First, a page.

Morrow's Honeysuckle

Lonicera morrowii

Of all shrubby honeysuckles, only one (bush honeysuckle, Diervilla lonicera) is native to eastern Massachusetts; others, such as Amur honeysuckle (Lonicera maackii), Tatarian (L. tatarica), or showy honeysuckle (L. x bella), have been introduced from Eurasia as ornamentals. While all of them often escape from gardens into forests, the most problematic of these attractive but aggressive alien shrubs is Morrow's honeysuckle, which was introduced to the US in 1860s from Japan (it is native to Japan, China, and Korea). It had been first collected by Dr. James Morrow during the US Naval Expedition to Japan of 1852-54. The samples were then brought to Cambridge, MA, where the renowned botanist Asa Gray formally described the species and named it after its collector. Now, 160 years after its introduction, it sometimes forms the entire understory in woods, displacing all of native plants! It is a common view everywhere in Plymouth, most strikingly demonstrating its invasive properties in Ellisville State Park, where there are large areas completely taken over by this shrub. Similarly to a few other most difficult invasive plants in New England, Morrow's honeysuckle enjoys a longer vegetation period than the majority of native woody plants, leafing out earlier in spring and dropping leaves later in the fall than the natives. Like other honeysuckles, it is taken around by birds consuming the berries. Yet are honeysuckle berries a healthy food for the birds? Researchers at Miami University of Ohio studied the nutritional value of Amur honeysuckle. While native plants produce berries that have up to 30 or even 50% lipid content (fats birds need for energy), honeysuckle berries contain only 3%. For birds, eating honeysuckle berries must be like being on a potato chips diet!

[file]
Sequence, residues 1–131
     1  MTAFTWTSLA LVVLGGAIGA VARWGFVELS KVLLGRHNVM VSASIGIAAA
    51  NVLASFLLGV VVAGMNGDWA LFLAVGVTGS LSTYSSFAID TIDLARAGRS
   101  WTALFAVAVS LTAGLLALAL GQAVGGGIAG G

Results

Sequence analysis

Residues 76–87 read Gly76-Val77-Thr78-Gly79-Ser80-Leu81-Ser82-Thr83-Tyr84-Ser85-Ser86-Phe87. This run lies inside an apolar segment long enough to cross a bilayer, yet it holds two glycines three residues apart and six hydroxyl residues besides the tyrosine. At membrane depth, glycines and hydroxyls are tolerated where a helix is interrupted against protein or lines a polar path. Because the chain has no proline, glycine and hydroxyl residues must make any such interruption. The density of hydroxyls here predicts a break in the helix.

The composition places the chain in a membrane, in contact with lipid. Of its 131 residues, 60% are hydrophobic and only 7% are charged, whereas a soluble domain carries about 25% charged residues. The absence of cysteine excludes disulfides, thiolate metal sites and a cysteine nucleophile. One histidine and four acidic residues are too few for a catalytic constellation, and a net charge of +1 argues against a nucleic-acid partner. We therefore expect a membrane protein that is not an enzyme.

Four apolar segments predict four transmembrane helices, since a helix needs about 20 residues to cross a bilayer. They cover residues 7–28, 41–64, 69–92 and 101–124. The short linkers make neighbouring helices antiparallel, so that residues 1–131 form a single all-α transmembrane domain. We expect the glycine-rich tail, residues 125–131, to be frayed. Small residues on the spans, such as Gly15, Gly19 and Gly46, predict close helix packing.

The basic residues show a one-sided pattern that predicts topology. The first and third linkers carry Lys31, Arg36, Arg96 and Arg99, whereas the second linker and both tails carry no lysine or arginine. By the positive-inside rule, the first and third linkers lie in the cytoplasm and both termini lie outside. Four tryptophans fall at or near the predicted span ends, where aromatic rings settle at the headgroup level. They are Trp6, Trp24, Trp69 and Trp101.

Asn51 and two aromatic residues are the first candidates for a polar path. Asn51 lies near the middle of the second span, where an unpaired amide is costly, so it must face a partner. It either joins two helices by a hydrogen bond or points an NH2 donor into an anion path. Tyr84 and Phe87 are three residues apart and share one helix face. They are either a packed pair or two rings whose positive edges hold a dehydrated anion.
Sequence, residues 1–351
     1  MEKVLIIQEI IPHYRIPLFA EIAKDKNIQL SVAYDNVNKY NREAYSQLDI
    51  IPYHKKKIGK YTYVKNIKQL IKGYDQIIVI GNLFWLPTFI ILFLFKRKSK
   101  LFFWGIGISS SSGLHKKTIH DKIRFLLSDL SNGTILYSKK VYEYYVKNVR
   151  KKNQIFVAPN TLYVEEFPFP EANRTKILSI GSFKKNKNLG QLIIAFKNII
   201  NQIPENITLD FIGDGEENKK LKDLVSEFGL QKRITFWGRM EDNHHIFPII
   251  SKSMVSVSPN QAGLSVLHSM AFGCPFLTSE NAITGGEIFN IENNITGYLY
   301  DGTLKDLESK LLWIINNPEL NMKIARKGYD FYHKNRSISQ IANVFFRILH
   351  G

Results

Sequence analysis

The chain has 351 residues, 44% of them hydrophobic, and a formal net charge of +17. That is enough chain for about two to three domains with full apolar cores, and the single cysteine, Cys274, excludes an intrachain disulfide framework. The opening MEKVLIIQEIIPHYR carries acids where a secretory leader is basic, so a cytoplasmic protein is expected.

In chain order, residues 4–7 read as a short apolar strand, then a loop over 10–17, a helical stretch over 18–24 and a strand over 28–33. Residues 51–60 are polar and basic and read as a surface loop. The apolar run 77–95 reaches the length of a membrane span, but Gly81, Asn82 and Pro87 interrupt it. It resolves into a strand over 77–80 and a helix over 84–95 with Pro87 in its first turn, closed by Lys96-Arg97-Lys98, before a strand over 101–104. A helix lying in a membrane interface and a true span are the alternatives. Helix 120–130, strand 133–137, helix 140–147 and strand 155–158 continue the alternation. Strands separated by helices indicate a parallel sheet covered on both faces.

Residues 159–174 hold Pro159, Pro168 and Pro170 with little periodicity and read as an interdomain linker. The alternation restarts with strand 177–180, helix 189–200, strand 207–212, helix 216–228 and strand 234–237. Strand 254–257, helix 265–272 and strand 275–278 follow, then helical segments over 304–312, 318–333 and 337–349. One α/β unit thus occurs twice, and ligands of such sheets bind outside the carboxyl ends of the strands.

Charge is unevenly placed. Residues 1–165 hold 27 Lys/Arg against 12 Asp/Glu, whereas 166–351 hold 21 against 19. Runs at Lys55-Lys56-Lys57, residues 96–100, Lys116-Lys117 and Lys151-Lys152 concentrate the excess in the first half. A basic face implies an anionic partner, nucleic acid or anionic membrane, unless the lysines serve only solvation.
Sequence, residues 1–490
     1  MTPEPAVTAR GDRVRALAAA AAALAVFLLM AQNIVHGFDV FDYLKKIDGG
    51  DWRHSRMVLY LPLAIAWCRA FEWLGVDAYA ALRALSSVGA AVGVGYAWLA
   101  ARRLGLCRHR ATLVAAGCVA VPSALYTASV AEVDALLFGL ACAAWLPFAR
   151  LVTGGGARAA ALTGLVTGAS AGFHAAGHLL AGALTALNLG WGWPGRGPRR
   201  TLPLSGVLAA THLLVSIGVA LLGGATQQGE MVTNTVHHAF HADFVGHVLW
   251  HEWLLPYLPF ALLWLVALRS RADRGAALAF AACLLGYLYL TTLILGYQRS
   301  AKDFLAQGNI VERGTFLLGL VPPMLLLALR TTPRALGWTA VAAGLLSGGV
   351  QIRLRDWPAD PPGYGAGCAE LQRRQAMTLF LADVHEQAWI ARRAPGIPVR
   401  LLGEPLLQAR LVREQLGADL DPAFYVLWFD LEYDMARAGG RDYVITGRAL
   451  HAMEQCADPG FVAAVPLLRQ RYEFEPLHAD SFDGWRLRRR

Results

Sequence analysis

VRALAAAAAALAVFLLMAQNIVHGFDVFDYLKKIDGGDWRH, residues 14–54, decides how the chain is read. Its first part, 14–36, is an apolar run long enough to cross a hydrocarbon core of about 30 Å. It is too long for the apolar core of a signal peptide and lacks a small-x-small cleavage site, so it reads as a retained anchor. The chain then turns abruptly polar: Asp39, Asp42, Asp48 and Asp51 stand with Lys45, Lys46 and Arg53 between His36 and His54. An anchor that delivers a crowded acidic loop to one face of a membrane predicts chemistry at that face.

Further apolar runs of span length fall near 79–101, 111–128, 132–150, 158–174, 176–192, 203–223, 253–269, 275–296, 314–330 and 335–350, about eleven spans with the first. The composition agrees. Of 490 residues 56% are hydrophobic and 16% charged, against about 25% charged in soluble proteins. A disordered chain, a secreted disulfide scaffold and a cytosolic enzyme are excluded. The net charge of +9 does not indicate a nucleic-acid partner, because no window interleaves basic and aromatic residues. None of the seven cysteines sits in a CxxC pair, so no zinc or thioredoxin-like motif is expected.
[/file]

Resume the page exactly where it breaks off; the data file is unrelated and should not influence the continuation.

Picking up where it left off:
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April 16, Myles Standish SF, Plymouth

Morrow's honeysuckle produces foliage earlier in spring than the majority of native shrubs and trees. All green color to be attributed to just this invasive plant. May 10, Ellisville Harbor State Park, Plymouth

May 16, Myles Standish SF, Plymouth

May 23, Blue Hills Res., Canton

Flower color changes to yellow after pollination. May 24, Hewitts Cove, Hingham

July 25, Ellisville Harbor State park, Plymouth

August 20, Long Duck Pond Preserve, Plymouth

October 5, Eel River mouth, Long Beach, Plymouth

October 16, Myles Standish SF, Plymouth

March 10, Tidmarsh Farms, Plymouth (before reconstruction)